Re: The Longevity of High Tech Materials in Woodworking

On Sat, 12 Nov 2011 20:13:07 -0800 (PST), Too_Many_Tools

Perhaps neither is very good. The place I stayed at a couple of times in Italy was originally built in the 1100's and rebuilt in the 1500's. The stonework is still in great shape. Interior has been upgraded, of course.
IMO, some may haunt us. Vinyl siding is good for 30 to 50 years so it is a given that replacement will be needed and you can plan ahead. I don't think that is as much of a concern as the hidden items that we don't see and can be very costly to replace. Plumbing, adhesives in laminated beams and the like can be costly to repair or replace.
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On 11/12/2011 11:12 PM, Ed Pawlowski wrote: ...

How much of the original plumbing is left in that villa, Ed? :)
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On Sun, 13 Nov 2011 09:48:05 -0600, dpb wrote:

What plumbing? The garderobe would still work (if it's still there) but crapping into the moat (probably not there) is frowned upon nowadays.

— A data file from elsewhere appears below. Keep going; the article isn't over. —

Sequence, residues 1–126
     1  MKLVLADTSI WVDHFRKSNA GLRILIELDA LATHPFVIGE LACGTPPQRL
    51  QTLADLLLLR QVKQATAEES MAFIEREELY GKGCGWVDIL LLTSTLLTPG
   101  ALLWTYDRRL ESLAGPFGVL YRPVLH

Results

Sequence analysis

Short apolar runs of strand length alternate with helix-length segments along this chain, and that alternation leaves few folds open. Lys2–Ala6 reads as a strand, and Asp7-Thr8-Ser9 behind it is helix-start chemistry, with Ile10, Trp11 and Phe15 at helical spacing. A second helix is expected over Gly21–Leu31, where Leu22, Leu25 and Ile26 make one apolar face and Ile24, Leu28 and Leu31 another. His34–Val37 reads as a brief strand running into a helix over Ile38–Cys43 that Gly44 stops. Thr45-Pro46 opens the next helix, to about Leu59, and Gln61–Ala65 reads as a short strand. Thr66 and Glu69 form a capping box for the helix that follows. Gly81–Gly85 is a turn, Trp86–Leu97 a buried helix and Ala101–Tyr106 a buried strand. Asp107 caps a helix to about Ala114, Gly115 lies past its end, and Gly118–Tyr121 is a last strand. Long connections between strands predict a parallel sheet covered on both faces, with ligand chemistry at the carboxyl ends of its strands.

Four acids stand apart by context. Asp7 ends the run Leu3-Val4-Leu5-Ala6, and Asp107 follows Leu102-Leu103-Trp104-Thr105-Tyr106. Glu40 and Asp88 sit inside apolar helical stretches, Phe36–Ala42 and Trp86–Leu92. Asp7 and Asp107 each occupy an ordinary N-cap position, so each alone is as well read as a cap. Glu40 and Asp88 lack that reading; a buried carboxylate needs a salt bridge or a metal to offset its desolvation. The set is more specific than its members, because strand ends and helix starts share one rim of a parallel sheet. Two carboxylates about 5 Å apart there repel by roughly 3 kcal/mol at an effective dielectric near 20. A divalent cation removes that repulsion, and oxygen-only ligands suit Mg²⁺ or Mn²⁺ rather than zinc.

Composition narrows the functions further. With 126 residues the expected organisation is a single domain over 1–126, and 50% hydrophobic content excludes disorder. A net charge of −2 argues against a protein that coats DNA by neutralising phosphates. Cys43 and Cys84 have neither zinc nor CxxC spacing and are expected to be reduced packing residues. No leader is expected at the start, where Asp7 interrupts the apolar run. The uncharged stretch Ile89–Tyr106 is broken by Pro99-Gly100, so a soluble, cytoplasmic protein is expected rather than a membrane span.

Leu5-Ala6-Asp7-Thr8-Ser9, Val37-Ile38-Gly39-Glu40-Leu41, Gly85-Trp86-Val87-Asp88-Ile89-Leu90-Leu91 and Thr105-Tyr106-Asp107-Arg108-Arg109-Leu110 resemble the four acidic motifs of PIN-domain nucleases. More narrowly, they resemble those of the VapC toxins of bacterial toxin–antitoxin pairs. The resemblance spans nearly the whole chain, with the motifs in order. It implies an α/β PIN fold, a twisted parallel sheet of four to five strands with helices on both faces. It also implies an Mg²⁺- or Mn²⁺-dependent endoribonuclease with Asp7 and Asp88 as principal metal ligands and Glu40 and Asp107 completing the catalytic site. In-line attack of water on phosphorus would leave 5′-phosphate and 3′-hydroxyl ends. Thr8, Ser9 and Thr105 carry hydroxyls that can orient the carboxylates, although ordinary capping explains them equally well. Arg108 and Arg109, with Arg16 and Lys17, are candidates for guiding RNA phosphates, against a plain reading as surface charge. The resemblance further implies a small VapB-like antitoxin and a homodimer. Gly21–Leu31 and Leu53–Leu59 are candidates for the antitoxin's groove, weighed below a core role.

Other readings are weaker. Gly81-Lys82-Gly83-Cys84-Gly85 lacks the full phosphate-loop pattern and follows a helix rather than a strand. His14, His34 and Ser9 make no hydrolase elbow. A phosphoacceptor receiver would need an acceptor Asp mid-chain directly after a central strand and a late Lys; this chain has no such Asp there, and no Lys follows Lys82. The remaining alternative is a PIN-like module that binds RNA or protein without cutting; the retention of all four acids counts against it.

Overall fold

--
Intelligence is an experiment that failed - G. B. Shaw

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On 11/13/2011 12:00 PM, Larry Blanchard wrote:

Precisely the point...
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On 11/12/2011 10:13 PM, Too_Many_Tools wrote:

Just as lead plumbing and other previous practices have, undoubtedly.
The problem is that if don't use modern materials and methods, the cost to achieve a presently acceptable standard of energy efficiency and functionality would be completely prohibitive.
There will be some products/techniques that will prove their mettle and others that will turn out to have been mistakes just like there have been from the time the first cave had a rock rolled in front for a door.
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We won't really know for another 50 or 100 years on some items. We often build what may be disposable housing compared to what was done centuries ago. I'd have to think it would be better to build a house with 75 year life and affordable rather than 500 year life but impossible for most of us to ever own.
The place I stayed at in Italy has only had a half dozen owners over the centuries. It is left down to the family over the generations, thus affordable to live in. Looking at those buildings and available materials, tools, transportation, I wonder how it was done and who had that much money.
In the past decade or so, many small non-descript houses have been torn down to build McMansions. Some were probably serviceable and affordable for another 50+ years. They just were not up to yuppie standards.